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Business and Economics

Kogod Alum a Smashing Hit at Makeup Counters

By Adrienne Frank

SmashBox CEO Dean Factor, far right, chats with Kogod students, Nov. 20. (Photo: Jeff Watts)

SmashBox CEO Dean Factor, far right, chats with Kogod students, Nov. 20. (Photo: Jeff Watts)

For Dean Factor, the beauty business hasn’t always been pretty.

Twelve years after launching SmashBox Cosmetics, Factor, Kogod/BSBA ’87, reflected on lessons learned during Kogod’s Alan Meltzer CEO Leadership Speakers Series, Nov. 20.

The grandson of Max Factor, who transformed the beauty industry in the 1920s with his pouty-lip look, Factor capitalized on his Hollywood lineage, starting SmashBox Cosmetics in 1996 with older brother Davis.

Despite tremendous buzz and a flood of orders, the business got off to a rocky start. The brothers rolled out 300 products in less than a year, and Factor admits the line simply got too big, too fast.

Still, the SmashBox CEO said, “it was of the best experiences of my life. It taught me the value of a dollar, which you never really know until you’re worried about payroll.”

The brothers downsized and focused on perfecting their products, aimed at the fashion-forward, skin-conscious woman. Today, SmashBox is a $200 million per year business.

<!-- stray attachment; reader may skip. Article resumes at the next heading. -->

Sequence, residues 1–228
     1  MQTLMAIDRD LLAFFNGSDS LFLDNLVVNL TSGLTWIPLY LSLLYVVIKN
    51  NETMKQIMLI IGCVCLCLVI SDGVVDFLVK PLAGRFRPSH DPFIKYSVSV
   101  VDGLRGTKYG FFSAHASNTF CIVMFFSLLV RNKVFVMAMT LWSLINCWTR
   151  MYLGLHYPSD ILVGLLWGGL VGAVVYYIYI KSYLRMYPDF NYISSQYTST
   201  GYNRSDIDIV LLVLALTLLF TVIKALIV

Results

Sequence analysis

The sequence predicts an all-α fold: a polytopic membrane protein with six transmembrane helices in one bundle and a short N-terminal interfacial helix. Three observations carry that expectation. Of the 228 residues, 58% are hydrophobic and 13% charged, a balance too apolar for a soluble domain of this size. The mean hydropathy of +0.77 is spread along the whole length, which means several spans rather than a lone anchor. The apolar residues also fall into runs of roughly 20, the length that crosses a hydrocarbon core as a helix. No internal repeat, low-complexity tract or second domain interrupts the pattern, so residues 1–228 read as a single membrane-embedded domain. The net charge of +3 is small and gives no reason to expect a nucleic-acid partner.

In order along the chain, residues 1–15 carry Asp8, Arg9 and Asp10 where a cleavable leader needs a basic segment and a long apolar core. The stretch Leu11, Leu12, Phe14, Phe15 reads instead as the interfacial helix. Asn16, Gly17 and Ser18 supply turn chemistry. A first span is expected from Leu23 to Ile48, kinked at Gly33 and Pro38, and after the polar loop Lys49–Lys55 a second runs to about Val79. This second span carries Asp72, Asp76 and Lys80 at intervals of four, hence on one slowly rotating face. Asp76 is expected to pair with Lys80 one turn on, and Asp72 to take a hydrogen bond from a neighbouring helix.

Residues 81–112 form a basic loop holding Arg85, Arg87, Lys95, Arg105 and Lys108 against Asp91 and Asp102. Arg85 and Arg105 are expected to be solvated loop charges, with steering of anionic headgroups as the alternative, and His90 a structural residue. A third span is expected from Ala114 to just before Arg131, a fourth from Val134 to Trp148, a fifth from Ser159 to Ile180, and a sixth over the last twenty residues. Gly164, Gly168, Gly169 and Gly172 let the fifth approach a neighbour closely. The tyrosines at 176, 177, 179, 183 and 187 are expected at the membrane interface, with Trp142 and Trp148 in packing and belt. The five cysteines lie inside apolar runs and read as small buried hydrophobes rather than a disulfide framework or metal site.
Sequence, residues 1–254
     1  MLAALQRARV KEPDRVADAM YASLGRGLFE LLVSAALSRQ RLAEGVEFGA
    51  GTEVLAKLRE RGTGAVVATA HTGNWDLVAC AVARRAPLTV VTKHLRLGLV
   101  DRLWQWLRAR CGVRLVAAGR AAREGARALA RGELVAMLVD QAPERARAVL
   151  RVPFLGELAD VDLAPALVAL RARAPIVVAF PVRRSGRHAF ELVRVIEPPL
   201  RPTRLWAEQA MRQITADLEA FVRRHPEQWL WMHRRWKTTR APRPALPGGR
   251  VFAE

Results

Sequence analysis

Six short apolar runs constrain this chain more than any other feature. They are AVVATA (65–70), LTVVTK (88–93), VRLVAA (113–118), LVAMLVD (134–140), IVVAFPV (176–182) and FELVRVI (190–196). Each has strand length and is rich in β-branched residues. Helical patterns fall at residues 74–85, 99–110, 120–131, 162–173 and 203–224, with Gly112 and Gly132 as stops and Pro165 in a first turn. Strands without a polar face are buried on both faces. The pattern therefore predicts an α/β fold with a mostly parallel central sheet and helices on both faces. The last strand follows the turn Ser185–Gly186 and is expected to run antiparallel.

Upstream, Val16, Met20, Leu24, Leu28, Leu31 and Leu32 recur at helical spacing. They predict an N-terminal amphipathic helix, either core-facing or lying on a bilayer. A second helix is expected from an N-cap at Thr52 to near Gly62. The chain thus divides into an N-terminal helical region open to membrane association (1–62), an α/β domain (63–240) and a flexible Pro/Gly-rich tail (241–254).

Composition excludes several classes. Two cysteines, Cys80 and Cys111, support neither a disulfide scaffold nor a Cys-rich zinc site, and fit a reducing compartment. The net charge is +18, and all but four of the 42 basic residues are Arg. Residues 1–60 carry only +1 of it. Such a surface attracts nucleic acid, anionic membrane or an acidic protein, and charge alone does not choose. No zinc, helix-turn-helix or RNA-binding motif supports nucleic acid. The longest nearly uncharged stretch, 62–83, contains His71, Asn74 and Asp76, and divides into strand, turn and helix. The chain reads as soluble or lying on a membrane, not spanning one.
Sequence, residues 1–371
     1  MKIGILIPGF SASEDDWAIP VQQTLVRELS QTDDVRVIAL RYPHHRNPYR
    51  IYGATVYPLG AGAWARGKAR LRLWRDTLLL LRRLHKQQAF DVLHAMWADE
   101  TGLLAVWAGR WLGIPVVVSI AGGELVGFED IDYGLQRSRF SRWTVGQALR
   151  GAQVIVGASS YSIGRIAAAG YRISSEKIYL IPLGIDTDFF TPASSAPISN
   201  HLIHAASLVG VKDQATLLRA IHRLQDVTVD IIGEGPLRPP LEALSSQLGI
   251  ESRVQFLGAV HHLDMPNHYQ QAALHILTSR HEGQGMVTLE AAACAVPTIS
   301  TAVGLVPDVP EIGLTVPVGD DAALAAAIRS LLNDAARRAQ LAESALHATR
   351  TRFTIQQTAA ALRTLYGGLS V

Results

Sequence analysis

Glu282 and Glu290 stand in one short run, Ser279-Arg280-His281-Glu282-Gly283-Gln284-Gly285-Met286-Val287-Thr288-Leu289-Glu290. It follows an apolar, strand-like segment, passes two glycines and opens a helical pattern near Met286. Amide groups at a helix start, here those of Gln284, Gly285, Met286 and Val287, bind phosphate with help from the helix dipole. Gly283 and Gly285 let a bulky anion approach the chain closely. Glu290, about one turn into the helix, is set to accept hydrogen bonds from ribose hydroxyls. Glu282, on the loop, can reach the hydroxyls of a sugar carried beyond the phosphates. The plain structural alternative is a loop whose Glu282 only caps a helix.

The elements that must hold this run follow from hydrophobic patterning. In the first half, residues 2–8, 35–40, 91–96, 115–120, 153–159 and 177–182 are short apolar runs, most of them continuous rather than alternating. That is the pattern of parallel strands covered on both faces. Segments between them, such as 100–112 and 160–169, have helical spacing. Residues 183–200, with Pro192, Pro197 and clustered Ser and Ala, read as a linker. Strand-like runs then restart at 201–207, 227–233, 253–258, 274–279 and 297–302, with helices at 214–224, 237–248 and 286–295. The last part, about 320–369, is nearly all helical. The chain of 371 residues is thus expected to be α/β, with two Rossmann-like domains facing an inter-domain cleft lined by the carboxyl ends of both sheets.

During his hour-long lecture, Factor also touched on his first business venture: SmashBox Studios in Los Angeles, which he and Davis opened in 1990.

It was Annie Leibovitz’s controversial photo of a naked and pregnant Demi Moore—shot in 1991 at SmashBox—that put the studio on the map. “Everyone wanted to know where it was shot,” recalled Factor. “After that, we were booked solid.”

Factor also offered aspiring entrepreneurs in the audience five pieces of advice:
• be open to ideas from everywhere and anyone
• don’t worry about the status quo
• be attuned to game-changing issues and decisions
• trust your instincts
• everyone has a unique edge, find yours

“Everyone has something that’s unique about them,” he said. “I was sitting in your seat in 1987 and I didn’t know what it was. So, I used the Max Factor name.

“In the business world, you need to be different to succeed.”